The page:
Does buying property in Berlin still make sense? According to the latest edition of the Wohnkostenreport 2020 it clearly still does. The report shows that almost everywhere in Germany it remains cheaper to buy a property and live in it yourself than to rent a similar flat or house yourself. This even applies to the German metropolises, where purchase prices have risen significantly in recent years.
In the capital Berlin, owner-occupied housing costs around 35 percent less than renting. A great potential saving - especially in the long term. Buying an apartment in Berlin is particularly attractive given the currently low interest rates. Hypofriend’s guide shows you what you need to know about buying a property in Berlin and a look at the local property prices per neighbourhood.
Buying property in Berlin
Berlin is not only the largest city in Germany, but it is also characterized by its diversity and internationalism. The real estate market in Berlin is also one of the most attractive in Germany. This speaks for buying property in Berlin. Although property prices in the capital have been rising for years, they are still coming from a very low level. That is why property prices are still moderate compared on a national and European-wide level. The management consultancy PWC named Berlin the most attractive city in Europe for real estate investors in 2018.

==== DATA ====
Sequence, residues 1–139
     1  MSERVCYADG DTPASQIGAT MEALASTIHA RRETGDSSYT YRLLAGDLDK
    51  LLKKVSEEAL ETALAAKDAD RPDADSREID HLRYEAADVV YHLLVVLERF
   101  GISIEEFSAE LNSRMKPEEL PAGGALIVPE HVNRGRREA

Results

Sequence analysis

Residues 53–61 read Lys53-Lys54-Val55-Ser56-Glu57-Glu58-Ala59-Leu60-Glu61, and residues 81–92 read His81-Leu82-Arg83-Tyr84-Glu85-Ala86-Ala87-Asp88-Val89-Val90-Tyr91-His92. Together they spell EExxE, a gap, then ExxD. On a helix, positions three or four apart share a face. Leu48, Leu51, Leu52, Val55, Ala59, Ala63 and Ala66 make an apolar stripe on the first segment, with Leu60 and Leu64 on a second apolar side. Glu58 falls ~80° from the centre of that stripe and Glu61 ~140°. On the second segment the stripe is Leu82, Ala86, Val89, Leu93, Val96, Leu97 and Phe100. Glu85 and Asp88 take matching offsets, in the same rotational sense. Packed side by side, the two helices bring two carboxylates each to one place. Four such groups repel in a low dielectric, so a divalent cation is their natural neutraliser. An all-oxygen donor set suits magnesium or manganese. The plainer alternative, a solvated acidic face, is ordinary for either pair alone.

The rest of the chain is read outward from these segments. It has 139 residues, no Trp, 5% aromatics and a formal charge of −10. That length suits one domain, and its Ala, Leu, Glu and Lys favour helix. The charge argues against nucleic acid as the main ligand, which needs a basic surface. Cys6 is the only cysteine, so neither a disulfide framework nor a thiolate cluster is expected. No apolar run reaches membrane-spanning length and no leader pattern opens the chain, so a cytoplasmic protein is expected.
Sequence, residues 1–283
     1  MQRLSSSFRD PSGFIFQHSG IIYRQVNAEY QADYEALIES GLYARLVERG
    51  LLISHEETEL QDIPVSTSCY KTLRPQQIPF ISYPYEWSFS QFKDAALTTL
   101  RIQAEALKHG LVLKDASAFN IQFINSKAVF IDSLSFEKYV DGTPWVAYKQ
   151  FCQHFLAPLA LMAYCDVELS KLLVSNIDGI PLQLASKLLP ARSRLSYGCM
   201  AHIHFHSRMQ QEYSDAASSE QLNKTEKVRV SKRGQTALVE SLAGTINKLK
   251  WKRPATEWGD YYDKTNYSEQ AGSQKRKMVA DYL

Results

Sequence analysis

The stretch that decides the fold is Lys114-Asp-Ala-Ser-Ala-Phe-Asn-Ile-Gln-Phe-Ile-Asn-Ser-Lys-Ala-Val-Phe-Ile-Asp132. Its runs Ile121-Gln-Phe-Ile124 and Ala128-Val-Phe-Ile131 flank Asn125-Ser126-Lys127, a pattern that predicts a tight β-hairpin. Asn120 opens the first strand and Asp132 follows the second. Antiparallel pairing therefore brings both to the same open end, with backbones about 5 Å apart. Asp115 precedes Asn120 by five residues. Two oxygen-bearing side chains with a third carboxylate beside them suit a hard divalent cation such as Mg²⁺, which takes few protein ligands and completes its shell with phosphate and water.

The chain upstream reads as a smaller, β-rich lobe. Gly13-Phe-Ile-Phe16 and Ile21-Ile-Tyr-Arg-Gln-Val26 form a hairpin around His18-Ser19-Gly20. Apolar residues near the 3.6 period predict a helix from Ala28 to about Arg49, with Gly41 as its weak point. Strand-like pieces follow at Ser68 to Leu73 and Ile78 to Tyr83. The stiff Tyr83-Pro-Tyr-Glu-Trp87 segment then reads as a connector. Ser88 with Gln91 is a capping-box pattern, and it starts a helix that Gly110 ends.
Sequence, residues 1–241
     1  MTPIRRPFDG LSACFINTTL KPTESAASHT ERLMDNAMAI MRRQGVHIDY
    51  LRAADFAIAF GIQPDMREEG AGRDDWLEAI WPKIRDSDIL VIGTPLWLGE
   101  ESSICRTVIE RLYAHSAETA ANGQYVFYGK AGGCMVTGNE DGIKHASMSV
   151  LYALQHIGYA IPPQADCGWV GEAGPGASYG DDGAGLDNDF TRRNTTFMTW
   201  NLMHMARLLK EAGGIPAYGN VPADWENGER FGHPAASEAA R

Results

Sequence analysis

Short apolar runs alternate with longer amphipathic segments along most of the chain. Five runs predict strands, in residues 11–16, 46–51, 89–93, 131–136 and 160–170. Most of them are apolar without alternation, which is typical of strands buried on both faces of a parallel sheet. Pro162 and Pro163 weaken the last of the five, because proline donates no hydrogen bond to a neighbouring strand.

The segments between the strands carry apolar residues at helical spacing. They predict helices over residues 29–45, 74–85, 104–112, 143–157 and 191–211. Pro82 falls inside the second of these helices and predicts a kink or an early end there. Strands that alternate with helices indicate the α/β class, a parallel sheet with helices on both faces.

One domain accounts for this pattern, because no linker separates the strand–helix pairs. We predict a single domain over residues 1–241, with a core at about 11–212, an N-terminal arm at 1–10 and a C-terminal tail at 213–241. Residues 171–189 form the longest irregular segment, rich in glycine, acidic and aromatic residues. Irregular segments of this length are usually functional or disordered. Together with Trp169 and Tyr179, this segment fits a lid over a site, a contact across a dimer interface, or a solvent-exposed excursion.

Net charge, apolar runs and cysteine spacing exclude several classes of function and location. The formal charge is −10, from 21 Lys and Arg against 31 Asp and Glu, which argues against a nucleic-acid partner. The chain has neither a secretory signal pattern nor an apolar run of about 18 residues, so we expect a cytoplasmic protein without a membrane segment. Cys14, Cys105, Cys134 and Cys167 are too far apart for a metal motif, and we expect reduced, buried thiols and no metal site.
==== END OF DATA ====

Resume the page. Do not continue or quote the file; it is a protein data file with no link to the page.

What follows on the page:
Buying an apartment in Berlin - the list of advantages is long:
Moderate real estate prices compared to other capitals
High population growth and economic growth
Berlin is one of the Top 25 most livable cities in the world
Historically low interest rates for a mortgage
Wide range of cultural and natural attractions
Enormous increase in value of real estate
Startup Hub that attracted 6.2B euros in foreign investment in 2019
Property prices in Berlin
Some speculated falling property prices due to the Corona crisis. However, this picture has not materialised so far. Although demand was somewhat more restrained at the beginning of the pandemic, there is now no sign of great uncertainty. On the contrary: real estate represents a stable investment in times of volatile markets. After all, for real estate prices to fall, many people would have to lose their jobs and thus no longer be able to repay their loans. This is usually only the case in a deep economic crisis or recession.
The high demand for buying property in Berlin after Corona is also shown by the market report of Guthmann Estate. There it says: "The consideration of property as a better option for renting a flat is currently leading to a strong increase in interest in real estate in Berlin.”